Cadillac's redesigned STS is a good indicator of the brand's evolution. It has European handling, understated styling and one of Cadillac's best interiors.
Engine choices include a V-6 or a V-8, and all-wheel drive is a $1,900 option with either engine. I drove an all-wheel-drive V-6 Luxury model whose base price was $41,740.
Although the V-6 cranks out less power than the V-8, it has a reasonably flat power band, is free from vibration and is a perfect companion to the five-speed automatic transmission. The automatic can be shifted manually, which is nice for spirited driving.
The all-wheel drive makes perfect sense for many buyers because it gives enhanced traction in rain and snow. Plus, it puts Cadillac in contention with Audi, Acura, BMW, Infiniti and Mercedes-Benz because they offer all-wheel drive.
The STS is available with numerous options, such as a navigation system, Bose 5.1 surround-sound system, heated and cooled ventilated seats, adaptive cruise control, head-up display, heated steering
wheel and a remote start.
For 2006, the Bose sound system and navigation are standard on the V-8 with the 1SE package. Stealth Grey, Radiant Bronze, Blackberry and Infrared are new paint colors.
The STS is composed, confident and comfortable in the same way as the leading imports. The body panels fit tightly, with small gaps around the doors and hood.
"The new STS is the best we've ever done," said Mark LaNeve, Cadillac general manager, when the car was shown to auto writers in August. After driving one for a week, I concur.
The STS is built on the Sigma platform that is also used for the smaller CTS. According to Cadillac, the 254-horsepower, 3.6-liter V-6 hits 60 miles per hour in about seven seconds. The 320-horsepower 4.6-liter Northstar V-8 does the same in 5.9 seconds. Both engines have variable valve timing, oil-life monitoring and a five-speed automatic transmission. They don't need a tuneup until 100,000 miles. Cadillac expects about 70 percent of sales will be the V-6.
Dave Leon, chief engineer, said the STS was designed to ride and handle like a European car. It also had to be quiet and luxurious, he said. To reach that goal, Cadillac engineers spent time developing the handling at the Nurburgring racetrack in Germany. The STS is 448 pounds lighter than a BMW 7-series, thanks to the use of high-strength steel and aluminum. Leon said the STS is as agile as a BMW 5-series while being as big as the 7-series.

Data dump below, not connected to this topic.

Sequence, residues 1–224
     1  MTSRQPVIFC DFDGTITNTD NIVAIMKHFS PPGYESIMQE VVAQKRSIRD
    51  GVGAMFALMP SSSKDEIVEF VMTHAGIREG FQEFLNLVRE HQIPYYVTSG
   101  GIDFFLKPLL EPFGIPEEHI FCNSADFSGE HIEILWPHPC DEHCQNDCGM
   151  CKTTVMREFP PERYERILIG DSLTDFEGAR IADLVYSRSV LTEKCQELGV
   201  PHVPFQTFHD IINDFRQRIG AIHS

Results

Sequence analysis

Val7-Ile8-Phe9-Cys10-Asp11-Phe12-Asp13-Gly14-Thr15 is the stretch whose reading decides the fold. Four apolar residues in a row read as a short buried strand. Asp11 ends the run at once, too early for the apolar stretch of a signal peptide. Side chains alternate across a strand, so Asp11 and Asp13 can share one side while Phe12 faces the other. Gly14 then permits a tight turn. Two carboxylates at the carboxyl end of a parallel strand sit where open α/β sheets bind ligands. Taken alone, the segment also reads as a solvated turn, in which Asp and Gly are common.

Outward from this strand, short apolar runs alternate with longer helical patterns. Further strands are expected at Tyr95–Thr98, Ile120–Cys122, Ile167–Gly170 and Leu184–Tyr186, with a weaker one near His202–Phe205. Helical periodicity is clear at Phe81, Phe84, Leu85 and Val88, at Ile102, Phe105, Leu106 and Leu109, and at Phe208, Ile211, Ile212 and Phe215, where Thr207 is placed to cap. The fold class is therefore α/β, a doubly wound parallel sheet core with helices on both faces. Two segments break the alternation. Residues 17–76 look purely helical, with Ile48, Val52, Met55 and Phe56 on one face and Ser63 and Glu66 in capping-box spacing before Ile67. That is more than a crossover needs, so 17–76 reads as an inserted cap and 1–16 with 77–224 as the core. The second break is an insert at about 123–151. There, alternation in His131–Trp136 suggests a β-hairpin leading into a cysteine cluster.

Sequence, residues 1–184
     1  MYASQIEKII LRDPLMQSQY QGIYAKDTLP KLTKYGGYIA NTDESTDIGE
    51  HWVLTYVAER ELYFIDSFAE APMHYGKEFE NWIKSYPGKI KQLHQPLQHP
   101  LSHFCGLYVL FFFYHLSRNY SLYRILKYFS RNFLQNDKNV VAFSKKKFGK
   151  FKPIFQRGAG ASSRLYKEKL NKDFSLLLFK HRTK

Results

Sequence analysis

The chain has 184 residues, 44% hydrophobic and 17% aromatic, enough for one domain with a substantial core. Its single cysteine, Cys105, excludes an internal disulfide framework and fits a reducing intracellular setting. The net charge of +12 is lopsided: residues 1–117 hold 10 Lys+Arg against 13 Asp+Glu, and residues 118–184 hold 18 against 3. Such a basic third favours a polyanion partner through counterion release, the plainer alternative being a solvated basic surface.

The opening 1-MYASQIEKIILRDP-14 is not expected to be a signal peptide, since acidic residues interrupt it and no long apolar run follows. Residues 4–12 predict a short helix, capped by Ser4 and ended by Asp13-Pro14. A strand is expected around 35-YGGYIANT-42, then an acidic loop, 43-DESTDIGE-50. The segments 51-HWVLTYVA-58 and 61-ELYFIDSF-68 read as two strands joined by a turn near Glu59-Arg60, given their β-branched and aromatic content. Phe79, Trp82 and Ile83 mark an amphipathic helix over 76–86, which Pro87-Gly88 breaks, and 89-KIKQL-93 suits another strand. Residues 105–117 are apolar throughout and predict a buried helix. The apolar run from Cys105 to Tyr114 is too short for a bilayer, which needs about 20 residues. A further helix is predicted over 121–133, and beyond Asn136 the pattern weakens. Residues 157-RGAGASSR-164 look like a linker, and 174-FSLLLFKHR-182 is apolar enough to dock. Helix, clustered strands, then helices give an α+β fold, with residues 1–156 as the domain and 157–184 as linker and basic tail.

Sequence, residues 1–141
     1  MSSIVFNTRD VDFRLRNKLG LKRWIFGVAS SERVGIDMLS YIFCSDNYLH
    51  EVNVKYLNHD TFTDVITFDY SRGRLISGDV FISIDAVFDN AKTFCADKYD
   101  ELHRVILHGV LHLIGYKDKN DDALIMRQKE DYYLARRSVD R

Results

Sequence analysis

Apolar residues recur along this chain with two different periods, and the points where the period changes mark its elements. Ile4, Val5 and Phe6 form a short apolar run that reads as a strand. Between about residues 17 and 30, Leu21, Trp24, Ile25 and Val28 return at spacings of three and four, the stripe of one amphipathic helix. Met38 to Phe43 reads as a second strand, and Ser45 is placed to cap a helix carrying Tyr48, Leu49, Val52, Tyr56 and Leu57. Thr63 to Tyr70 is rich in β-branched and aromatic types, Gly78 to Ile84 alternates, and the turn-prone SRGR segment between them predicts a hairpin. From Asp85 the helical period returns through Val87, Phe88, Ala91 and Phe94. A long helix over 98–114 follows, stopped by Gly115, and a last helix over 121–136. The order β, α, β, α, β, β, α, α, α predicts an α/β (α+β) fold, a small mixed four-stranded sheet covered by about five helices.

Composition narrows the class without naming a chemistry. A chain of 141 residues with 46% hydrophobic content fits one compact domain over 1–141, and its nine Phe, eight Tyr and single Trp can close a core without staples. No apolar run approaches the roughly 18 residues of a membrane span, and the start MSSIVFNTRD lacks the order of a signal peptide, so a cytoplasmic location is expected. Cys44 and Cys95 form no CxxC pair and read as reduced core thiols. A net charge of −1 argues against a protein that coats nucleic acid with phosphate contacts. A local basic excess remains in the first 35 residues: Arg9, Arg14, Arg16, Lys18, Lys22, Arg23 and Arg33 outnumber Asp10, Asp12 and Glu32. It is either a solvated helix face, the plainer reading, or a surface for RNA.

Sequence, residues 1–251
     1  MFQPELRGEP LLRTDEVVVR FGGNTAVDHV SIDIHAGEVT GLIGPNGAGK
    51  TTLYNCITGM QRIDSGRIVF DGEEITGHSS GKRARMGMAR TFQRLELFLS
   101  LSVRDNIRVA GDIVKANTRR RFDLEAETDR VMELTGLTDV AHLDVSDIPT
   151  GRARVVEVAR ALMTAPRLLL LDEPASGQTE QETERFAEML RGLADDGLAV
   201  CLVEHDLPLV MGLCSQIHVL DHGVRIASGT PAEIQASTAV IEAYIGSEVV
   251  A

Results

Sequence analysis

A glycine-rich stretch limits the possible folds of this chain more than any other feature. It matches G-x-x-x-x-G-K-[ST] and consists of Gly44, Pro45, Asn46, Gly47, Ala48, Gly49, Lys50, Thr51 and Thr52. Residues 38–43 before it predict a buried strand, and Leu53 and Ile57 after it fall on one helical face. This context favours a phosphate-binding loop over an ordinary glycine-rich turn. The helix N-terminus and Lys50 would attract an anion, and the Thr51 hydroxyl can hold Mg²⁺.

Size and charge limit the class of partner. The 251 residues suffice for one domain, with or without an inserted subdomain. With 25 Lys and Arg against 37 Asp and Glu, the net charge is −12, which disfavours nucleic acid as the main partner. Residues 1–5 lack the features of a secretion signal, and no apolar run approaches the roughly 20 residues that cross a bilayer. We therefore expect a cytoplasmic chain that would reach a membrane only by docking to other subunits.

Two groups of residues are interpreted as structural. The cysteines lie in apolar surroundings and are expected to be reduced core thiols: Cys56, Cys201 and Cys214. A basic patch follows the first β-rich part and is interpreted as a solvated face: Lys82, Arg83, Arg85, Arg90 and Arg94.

Another goal was to make the STS quiet, with just enough of the right sounds to give the car character. Triple door seals, structural foam in the pillars, laminated acoustic glass and a laminated steel firewall contribute to a peaceful cabin.
The interior is classy and understated. The gauges are subtle and restrained. The instrument panel looks as if it could be from a Lexus. The leather-like texture is handsome, and brushed aluminum on the center stack surrounds the audio and climate control units. Simple knobs and flat buttons are easy to operate, although slightly larger knobs would be better for gloved hands in cold weather.
Back-seat legroom is not as generous as one expects in a car with a 116.4-inch wheelbase.
The STS ride is supple yet firm. Aluminum is used in both the front and rear independent suspension. The multilink rear unit is mounted on a subframe that isolates the body from road noise.
The optional Magnetic Ride suspension uses valveless shock absorbers with fluid that contains suspended iron particles. Electric current to the shock absorber changes the viscosity of the fluid to make the shock soft or firm. The changes occur in milliseconds. At 60 miles per hour, the suspension can change from full soft to full firm in the time it takes the wheel to travel three inches. Magnetic Ride is terrific in its ability to provide comfort and handling without compromising either.
Cadillac is serious about redefining itself, and the STS is a great road map to the future.
The base price of the test car was $41,740. The optional luxury package included memory seats, power lumbar support, heated seats, rain sensing wipers, 17-inch polished aluminum wheels and a power sunroof. All-wheel drive added $1,900. Premium paint and performance four-wheel anti-lock disc brakes brought the sticker price to $47,670.
Four years or 50,000 miles.
Engine: 3.6-liter, 254-hp V-6
Wheelbase: 116.4 inches
Curb weight: 3,660 lbs.
Base price: $41,740
As driven: $47,670
Mpg rating: 17 city, 25 hwy. At A Glance
Point: With all-wheel drive and a V-6, the STS is the most European Cadillac yet. It pairs responsive handling with a quiet, refined cabin that has the fit and finish of some of the best from Japan. A Northstar V-8 is optional.
Counterpoint: The understated exterior styling may be a little too plain. The outside mirrors are fairly small, and rear-seat legroom could be better considering the size of the vehicle.